October 21, 2014 -- Updated 1600 GMT (0000 HKT)
Tidal flooding used to be a relatively rare occurrence along the East Coast. Not anymore, write Melanie Fitzpatrick and Erika Spanger-Siegfried.
October 21, 2014 -- Updated 1135 GMT (1935 HKT)
Carol Costello says activists, writers, politicians have begun discussing their abortions. But will that new approach make a difference on an old battleground?
October 21, 2014 -- Updated 1312 GMT (2112 HKT)
Sigrid Fry-Revere says the National Organ Transplant Act has caused more Americans to die waiting for an organ than died in both World Wars, Korea, Vietnam, Afghanistan and Iraq
October 21, 2014 -- Updated 1851 GMT (0251 HKT)
Crystal Wright says racist remarks like those made by black Republican actress Stacey Dash do nothing to get blacks to join the GOP
October 21, 2014 -- Updated 2207 GMT (0607 HKT)
Mel Robbins says by telling her story, Monica Lewinsky offers a lesson in confronting humiliating mistakes while keeping her head held high
October 20, 2014 -- Updated 1329 GMT (2129 HKT)
Cornell Belcher says the story of the "tea party wave" in 2010 was bogus; it was an election determined by ebbing Democratic turnout
October 20, 2014 -- Updated 2012 GMT (0412 HKT)
Les Abend says pilots want protocols, preparation and checklists for all contingencies; at the moment, controlling a deadly disease is out of their comfort zone
October 20, 2014 -- Updated 0336 GMT (1136 HKT)
David Weinberger says an online controversy that snowballed from a misogynist attack by gamers into a culture war is a preview of the way news is handled in a world of hashtag-fueled scandal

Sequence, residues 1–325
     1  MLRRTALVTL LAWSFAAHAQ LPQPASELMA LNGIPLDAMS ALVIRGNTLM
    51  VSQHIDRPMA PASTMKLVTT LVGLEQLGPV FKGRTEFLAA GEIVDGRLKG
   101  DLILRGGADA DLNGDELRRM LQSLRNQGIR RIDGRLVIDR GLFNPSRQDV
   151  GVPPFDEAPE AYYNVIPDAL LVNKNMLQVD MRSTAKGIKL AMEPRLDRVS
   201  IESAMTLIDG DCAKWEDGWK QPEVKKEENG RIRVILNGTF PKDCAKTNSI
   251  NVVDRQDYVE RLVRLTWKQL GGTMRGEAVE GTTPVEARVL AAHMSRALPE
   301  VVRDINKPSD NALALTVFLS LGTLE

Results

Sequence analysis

October 20, 2014 -- Updated 1223 GMT (2023 HKT)
Julian Zelizer says Paul Krugman makes some good points in his defense of President Obama but is premature in calling him one of the most successful presidents.
October 20, 2014 -- Updated 0221 GMT (1021 HKT)
Conservatives can't bash and slash government and then suddenly act surprised if government isn't there when we need it, writes Sally Kohn
October 22, 2014 -- Updated 1205 GMT (2005 HKT)
ISIS is looking to take over a good chunk of the Middle East -- if not the entire Muslim world, write Peter Bergen and Emily Schneider.
October 20, 2014 -- Updated 1300 GMT (2100 HKT)
The world's response to Ebola is its own sort of tragedy, writes John Sutter
October 17, 2014 -- Updated 2033 GMT (0433 HKT)
Hidden away in Russian orphanages are thousands of children with disabilities who aren't orphans, whose harmful treatment has long been hidden from public view, writes Andrea Mazzarino
October 18, 2014 -- Updated 1722 GMT (0122 HKT)
When you hear "trick or treat" this year, think "nudge," writes John Bare
October 18, 2014 -- Updated 0442 GMT (1242 HKT)
The more than 200 kidnapped Nigerian schoolgirls have become pawns in a larger drama, writes Richard Joseph.
October 17, 2014 -- Updated 1345 GMT (2145 HKT)
Peggy Drexler said Amal Alamuddin was accused of buying into the patriarchy when she changed her name to Clooney. But that was her choice.
October 16, 2014 -- Updated 2043 GMT (0443 HKT)
Ford Vox says the CDC's Thomas Frieden is a good man with a stellar resume who has shown he lacks the unique talents and vision needed to confront the Ebola crisis
October 18, 2014 -- Updated 0858 GMT (1658 HKT)
How can such a numerically small force as ISIS take control of vast swathes of Syria and Iraq?
October 17, 2014 -- Updated 1342 GMT (2142 HKT)